It’s been barely four days since I wrote about the developing trend of state legislatures proposing new laws that would prohibit employers in those states from demanding social media passwords from job applicants. My take away on Monday was: “I predict that more states – and perhaps Congress on the federal level – will continue the trend disfavoring any demand for passwords during the hiring process.” I’m not going to Vegas any time soon on my hunches, but it appears that this growing snowball has now rolled down Capitol Hill in Washington.
The press that this issue has garnered in the papers and online has reached the desk of United States Senator Richard Blumenthal (Democrat from Connecticut), who announced yesterday that he is now penning federal legislation that would bar employers from asking for social media passwords. As quoted by Michelle Maltais in the L.A. Times, Senator Blumenthal stated that “[t]hese practices seem to be spreading, which is why federal law ought to address them. . . . They go beyond the borders of individual states and call for a national solution.”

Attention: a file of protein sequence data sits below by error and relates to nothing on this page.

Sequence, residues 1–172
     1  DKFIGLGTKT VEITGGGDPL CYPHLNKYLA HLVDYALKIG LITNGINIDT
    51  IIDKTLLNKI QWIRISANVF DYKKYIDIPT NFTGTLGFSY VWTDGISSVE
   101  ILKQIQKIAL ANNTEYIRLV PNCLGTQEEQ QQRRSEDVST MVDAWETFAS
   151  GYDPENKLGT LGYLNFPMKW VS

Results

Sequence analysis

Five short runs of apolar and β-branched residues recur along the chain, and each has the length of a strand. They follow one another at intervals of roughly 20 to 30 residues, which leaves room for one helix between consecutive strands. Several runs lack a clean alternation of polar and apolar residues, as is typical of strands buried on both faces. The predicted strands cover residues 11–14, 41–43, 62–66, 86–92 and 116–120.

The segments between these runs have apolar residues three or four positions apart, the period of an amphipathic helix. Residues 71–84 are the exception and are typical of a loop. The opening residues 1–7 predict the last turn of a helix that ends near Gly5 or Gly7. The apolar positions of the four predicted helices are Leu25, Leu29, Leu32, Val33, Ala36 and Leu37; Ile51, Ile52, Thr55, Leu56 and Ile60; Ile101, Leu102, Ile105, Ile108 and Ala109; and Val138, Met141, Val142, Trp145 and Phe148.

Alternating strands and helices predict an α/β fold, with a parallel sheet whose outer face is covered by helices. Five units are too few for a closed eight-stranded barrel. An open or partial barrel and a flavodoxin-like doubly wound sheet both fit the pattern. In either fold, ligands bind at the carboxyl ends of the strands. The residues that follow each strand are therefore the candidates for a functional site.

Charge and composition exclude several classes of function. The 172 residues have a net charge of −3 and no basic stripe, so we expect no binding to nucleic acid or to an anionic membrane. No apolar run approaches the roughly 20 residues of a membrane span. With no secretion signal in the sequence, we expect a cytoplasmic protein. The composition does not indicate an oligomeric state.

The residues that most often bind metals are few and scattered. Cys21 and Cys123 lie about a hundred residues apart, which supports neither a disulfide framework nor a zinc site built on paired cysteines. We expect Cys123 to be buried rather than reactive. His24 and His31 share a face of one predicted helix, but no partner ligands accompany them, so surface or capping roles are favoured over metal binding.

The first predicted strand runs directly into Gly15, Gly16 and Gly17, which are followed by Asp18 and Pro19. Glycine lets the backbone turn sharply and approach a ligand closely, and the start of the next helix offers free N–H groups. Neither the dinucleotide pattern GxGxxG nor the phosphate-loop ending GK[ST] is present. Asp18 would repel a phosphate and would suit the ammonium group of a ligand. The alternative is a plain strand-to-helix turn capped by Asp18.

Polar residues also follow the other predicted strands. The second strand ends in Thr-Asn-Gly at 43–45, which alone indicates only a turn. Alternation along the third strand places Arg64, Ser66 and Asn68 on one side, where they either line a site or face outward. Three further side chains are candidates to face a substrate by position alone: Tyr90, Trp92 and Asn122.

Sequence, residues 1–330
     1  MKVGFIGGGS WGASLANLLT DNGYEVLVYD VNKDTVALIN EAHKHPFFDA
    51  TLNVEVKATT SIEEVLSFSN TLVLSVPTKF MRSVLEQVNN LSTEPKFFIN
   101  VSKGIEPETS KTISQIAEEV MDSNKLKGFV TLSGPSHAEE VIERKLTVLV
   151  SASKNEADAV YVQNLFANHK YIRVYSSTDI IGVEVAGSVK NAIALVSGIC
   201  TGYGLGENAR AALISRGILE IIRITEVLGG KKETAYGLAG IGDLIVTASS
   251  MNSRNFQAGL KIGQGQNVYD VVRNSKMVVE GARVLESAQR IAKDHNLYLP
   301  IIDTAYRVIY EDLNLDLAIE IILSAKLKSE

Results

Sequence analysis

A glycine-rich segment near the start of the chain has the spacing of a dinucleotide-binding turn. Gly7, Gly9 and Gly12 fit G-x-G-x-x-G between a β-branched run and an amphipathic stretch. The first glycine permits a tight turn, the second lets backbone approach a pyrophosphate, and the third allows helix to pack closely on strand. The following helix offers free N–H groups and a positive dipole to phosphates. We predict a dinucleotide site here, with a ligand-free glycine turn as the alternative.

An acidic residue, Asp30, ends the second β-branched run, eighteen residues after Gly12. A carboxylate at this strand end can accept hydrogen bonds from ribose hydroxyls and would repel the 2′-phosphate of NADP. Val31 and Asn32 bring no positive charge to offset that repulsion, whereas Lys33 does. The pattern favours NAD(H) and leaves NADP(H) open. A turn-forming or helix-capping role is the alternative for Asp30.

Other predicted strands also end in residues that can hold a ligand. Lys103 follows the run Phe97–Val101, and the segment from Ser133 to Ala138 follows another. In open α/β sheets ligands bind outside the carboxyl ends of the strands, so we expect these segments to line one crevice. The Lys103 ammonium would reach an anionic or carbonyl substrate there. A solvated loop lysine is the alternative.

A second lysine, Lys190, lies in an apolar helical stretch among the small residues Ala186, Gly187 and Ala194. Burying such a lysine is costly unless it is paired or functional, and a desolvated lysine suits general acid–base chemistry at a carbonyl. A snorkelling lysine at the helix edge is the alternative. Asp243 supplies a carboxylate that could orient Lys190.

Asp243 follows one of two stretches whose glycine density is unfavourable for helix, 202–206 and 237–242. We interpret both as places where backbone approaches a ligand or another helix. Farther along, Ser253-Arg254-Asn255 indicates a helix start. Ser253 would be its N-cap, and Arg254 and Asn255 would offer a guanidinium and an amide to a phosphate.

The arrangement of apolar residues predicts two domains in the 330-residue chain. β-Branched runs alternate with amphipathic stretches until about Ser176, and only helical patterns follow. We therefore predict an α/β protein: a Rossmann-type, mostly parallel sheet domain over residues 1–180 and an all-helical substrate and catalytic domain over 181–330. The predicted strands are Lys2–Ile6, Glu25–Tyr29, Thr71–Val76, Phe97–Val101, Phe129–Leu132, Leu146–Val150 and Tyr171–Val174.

I am not sure that Facebook passwords should necessarily trump out-of-control gas prices or the burgeoning crises in Afghanistan and in our own inner-city backyards, but our federal politicians do react (and swiftly) to the winds blowing in the moment. And at this moment, privacy advocates and the general population with profiles are demanding action to prevent employers from viewing content that those with profiles do have control over in terms of the positive and negative postings they include.
Employer Take Away: What should you as an employer take away from this development?
Keep watching and listening. The government’s presence in your company’s hiring practices will continue to be felt. So keep your eyes and ears open for all things legislative, administrative, and judicial that will affect what you can and can’t do as it relates to the use of social media for employment decisions. We will, of course, continue to update you on this issue.